Ottawa In Depth Walking Tours gives private and public walking tours of historic downtown Ottawa, Canada’s national capital since 1867. Whether you want to take a deeper look beneath the surface, or only have time for a breezy overview of Ottawa, your walking tour with Ottawa In Depth Walking Tours will be time well spent.
As a free public service for visitors, we also publish a Downtown Ottawa Public Washroom Map that shows public and publically-available washrooms in Ottawa’s downtown.
Our informative and entertaining walking tours cost $100 for a 3-hour tour (up to 5 people) The full-day tour is $250 (again, 1 to 5 people). Rates for larger groups are negotiable.
We also offer one free public tour every week, on Wednesday afternoon. It runs from 1:30 to 4:30 p.m. and requires prior registration, either by phone or email.
For contact details, go to the Contact and Pricing page.
For more information about the walking tours, you can go to the Walking Tours page, but let me first tell you about my company, Ottawa In Depth Walking Tours.
I love talking about the intertwined history of Ottawa and Canada. Beginning with the original Indigenous inhabitants, the long reign of the fur trade that opened the interior of the continent to the first Europeans, the heyday of the lumber industry beginning in the early 1800s, the surprise choice of Ottawa as the capital of British North America in the 1860s, Ottawa’s role for the next 60 years as an outpost of the British Empire, the long birth of Canadian national identity through the two world wars and afterwards, to Ottawa becoming the capital city of today’s Canada, an urban and increasingly multicultural country.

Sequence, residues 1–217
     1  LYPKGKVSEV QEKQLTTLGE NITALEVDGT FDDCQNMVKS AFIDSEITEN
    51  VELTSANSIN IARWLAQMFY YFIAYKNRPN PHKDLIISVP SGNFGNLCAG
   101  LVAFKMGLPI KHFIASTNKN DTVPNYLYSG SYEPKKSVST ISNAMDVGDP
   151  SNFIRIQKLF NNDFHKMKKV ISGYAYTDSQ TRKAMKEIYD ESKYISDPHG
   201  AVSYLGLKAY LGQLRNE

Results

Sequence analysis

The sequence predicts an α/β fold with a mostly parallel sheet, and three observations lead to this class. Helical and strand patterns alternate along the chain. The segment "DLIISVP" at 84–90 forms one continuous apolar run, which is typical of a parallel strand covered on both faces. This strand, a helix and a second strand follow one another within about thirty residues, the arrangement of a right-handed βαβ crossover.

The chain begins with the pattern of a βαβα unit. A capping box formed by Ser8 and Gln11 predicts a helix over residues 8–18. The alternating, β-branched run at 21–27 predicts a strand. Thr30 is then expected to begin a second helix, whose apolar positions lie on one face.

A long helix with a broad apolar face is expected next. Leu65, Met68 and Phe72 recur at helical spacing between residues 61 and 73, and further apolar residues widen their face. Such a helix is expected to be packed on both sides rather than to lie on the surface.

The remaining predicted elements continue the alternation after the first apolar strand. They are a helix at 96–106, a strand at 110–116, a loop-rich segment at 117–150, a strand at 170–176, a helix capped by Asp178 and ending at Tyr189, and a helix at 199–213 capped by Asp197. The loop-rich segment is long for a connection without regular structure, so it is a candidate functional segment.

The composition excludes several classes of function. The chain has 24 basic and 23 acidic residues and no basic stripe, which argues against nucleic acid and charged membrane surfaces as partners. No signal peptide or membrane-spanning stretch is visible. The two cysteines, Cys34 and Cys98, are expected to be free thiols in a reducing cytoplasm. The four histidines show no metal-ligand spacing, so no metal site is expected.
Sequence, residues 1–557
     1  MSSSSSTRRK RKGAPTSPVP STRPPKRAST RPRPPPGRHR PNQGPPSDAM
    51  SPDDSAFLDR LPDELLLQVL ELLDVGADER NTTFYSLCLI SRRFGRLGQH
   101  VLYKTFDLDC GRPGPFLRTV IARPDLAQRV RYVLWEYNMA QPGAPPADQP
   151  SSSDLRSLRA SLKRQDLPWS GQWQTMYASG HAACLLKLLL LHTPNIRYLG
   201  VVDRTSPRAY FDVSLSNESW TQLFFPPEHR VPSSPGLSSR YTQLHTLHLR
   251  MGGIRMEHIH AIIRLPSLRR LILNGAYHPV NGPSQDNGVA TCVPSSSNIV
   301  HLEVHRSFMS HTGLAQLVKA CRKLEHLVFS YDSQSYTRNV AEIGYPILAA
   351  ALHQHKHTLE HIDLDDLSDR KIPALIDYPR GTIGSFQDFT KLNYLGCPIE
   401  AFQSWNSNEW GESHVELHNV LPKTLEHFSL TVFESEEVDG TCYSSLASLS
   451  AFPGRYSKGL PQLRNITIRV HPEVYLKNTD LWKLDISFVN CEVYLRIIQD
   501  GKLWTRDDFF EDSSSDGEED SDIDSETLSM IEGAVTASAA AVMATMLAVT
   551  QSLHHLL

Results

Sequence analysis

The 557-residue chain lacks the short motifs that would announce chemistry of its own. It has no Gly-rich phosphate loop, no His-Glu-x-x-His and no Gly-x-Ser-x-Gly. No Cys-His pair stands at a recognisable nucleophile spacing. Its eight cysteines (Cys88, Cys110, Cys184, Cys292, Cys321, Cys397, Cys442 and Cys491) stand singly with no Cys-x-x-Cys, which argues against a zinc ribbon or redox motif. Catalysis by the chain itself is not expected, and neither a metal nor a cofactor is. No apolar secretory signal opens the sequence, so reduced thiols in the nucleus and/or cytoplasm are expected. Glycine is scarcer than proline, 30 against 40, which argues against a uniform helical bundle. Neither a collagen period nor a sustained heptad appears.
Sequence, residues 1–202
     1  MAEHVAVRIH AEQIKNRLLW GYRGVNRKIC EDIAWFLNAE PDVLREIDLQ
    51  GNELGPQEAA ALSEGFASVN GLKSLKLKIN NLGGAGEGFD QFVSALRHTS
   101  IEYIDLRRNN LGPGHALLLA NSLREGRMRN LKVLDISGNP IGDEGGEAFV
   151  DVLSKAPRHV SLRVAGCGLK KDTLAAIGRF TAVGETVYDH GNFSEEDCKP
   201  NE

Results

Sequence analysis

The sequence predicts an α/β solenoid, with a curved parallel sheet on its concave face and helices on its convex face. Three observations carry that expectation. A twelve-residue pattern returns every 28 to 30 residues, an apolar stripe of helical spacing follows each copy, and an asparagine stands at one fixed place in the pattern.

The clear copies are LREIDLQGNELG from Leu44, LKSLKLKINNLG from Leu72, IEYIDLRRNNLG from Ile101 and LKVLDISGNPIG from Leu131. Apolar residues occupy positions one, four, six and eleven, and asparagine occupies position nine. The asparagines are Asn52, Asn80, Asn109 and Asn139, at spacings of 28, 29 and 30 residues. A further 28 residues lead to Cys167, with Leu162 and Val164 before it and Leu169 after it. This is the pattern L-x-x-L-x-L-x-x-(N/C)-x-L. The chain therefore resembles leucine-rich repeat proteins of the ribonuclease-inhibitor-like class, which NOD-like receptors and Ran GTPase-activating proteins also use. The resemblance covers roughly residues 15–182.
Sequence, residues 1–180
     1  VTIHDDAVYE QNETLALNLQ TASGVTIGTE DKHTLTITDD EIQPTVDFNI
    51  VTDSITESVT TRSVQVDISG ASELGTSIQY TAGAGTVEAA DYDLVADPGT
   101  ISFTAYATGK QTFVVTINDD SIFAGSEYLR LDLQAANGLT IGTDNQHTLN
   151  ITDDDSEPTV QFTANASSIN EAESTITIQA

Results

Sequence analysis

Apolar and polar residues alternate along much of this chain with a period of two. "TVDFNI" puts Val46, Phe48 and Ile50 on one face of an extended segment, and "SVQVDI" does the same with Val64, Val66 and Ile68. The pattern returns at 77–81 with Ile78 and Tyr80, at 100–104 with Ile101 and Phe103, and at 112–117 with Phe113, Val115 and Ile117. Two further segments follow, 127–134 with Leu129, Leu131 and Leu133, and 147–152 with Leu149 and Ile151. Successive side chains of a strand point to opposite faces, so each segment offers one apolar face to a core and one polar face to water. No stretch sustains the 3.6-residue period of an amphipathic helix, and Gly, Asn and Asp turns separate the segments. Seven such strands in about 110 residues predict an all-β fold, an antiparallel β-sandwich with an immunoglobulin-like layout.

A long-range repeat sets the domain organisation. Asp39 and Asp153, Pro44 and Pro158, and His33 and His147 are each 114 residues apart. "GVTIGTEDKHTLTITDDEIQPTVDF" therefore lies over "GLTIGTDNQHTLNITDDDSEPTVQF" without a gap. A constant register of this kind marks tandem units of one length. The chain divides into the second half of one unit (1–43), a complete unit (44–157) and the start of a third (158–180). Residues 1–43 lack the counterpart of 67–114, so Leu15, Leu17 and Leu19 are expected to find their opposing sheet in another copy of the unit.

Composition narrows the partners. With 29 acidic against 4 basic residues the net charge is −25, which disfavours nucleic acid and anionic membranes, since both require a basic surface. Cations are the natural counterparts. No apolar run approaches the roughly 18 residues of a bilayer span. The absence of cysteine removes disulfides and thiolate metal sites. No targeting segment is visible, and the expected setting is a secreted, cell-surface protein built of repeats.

Are you interested in:
- the political story of this very large and geographically dispersed country stretched across the northern half of North America. We tour Parliament Hill and talk about the special nature of Canadian federalism and Canadian parliamentary democracy
- the architectural legacy of Ottawa
- the better pubs, restaurants and gift shops around Parliament and in the historic Byward Market
- a special look at Canadian art in the National Gallery
- the colonization and marginalization of Canada’s Indigenous population
- the emergence of the Canadian identity over the past century and Canada’s problematic relationship with the United States
- the story of the Canadian economy over the past 300 years.
During the tour, I also point out some of the other sights or activities that Ottawa has to offer, that you might enjoy outside the tour.
A special note for those who have special needs, our specialty is walking tours but I also offer tours by car if preferred or necessary.
This is the link to the Walking Tours page.
For those who like longer articles, there is longform storytelling on the Blog page.